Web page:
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What I Believe
My father always told me “There are no monsters downstairs. The only thing you should be afraid of in this house is me. Be afraid of what’s blood and flesh and can hurt you, not some imaginary ghost or monster that can’t touch you. ” I grew up with this constant reminder throughout my first years of life until I finally came to terms with my imagination.
I remember listening to my friends telling scary stories during recess when I was in third grade. I was only eight then, but I already had an obstinate belief about what was and wasn’t real, and when to believe in something.
The class clown, Miguel, was always the one to tell the stories. They were either stomach-churningly repulsive—like one about a man that eats eyeballs and cuts faces off of people—or just plain depressing—like the one about the lady that drowned her children. All the kids believed the stories excluding me. I was always the one rolling my eyes and arguing about the credibility of the stories. Then Miguel got to telling stories about “El Diablo”—ohh I’m so scared…NO. I didn’t even know what he was then, except that he was a bad satyr and some guy named “God” sent him underground because he was evil. I said it was a load of dung, making all the kids look at me with their eyes and mouths wide, as if I had just blew fire out of my nose.
“What do you mean you don’t believe in God or the Devil?!” exclaimed one of the kids.
“Don’t you go to church?” another asked.
“No, I don’t, and I go to Church’s Chicken sometimes, if that’s what you mean.”
“You’re going to hell!” one of them hissed.
“El Diablo is going to grab you at night!” Miguel said.
I crossed my arms and rolled my eyes. “Let him come. What isn’t real can’t harm me. Only nature can harm me,” I said defiantly. They were all getting extremely annoying. What was this thing they were so worked up about? They made it sound more important than Santa or the Tooth Fairy, and everyone knew by now that Santa was actually dad, and T. Fairy mom. Who didn’t?
“He’ll come, you’ll see,” Miguel grinned and laughed a little, the sort of smile and laugh that showed he knew it wouldn’t happen but would enjoy to see me scared at night because I thought some minotaur was going to come get me. Puh-lease.
“Ok, I’ll be waiting for him.”
That’s how the hostilities between myself against religion began.
Of course, Nevil never came. Or was his name Devil? Who cares, the rest of elementary blew by, and no one had bothered me again about whether I believed in Devil or God.
I moved on to middle school, and it was in sixth grade Global Studies that I learned what religion actually meant and that there were over hundreds of religions in the world. Devil and God weren’t the only religious characters, but also YHWH, Allah, Shiva, some saints, a monk named Buddha, and more. Then I learned how “God” was from Christianity, which later branched off into Orthodox, Catholic, Lutheran, Protestant, etc.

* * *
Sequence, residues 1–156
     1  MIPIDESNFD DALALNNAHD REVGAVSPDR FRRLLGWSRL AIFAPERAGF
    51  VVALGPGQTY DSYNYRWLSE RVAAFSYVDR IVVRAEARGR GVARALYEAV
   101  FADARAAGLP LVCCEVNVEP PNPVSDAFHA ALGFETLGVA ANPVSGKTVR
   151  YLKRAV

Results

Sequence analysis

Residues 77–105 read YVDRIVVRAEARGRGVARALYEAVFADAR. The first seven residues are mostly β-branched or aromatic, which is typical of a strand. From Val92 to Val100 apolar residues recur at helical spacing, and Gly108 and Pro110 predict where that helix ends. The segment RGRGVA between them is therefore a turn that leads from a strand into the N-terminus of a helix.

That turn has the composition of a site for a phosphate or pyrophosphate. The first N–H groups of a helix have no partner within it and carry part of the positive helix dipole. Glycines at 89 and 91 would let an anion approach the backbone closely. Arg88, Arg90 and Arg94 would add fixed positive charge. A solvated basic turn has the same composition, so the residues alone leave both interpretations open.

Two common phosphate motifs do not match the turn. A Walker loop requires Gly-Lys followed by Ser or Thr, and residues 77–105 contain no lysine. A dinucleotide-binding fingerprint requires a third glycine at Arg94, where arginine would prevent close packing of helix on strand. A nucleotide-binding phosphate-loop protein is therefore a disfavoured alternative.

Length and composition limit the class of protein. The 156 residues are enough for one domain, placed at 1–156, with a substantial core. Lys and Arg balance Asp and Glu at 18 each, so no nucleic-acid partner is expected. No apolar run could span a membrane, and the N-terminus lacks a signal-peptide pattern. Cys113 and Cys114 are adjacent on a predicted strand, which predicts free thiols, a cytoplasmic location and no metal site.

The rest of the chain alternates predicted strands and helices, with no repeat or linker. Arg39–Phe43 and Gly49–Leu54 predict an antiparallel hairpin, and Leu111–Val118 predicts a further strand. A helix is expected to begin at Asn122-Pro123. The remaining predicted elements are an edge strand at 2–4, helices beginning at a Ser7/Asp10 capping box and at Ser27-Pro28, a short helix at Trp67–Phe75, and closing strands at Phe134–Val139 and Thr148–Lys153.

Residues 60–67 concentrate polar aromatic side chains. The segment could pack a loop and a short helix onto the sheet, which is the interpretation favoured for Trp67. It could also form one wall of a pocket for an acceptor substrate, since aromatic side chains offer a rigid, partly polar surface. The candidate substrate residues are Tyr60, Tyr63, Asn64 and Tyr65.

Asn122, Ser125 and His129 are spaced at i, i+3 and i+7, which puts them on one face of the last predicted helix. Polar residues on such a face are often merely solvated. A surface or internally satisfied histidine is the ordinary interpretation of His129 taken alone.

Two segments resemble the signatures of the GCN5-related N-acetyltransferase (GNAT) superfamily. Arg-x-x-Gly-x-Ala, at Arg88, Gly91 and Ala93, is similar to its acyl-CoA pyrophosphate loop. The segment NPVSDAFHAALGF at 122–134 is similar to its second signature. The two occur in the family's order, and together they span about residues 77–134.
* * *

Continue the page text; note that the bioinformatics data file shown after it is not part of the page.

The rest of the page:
One day, while in class, I thought, Hey, if Jesus, Mohamed, Calvin and Martin and all these other guys made their own religion, hell, I could too. I’ve always, since sixth grade, wondered how people could believe in what other people tell them about how a god came to give them specific instructions for mankind—for example, the Ten Commandments, which the Israelites believed to be true, just because Mohammed claimed it’s what their god told him, or the case with Calvin, who claimed sort of the same thing (excluding the commandments part). I would much rather believe someone who told me they saw a unicorn. I can at least logically assume that a donkey mated with a goat somehow and phenomenally bred a hybrid gonkey with a single horn, and that that’s what they saw.
I also heard a lot of stories from different friends of mine about how their god helped them get through a certain situation, or helped to change as a person, but the way they described the stories, it made their god seem like a crutch for a sprained ankle or a good-luck charm that people are set on believing gives them luck, and then they lose that charm, and see how it was never the charm at all, but themselves all along.
That’s why I never even considered religion once I learned about it. Sure, it’s a cool subject, like reading Lord of The Rings or Harry Potter books, but other than that, I wouldn’t believe in a “God”. That would be like believing Voltemort was the devil and Dumbledorf was god or something. At least, that’s the way that I saw it.
That’s the way I was raised all my life. Believe in flesh and bone. Believe in yourself, that you have your own power, that you’re the writer of your own book. No one else can bring you down unless you decide it, and that’s that.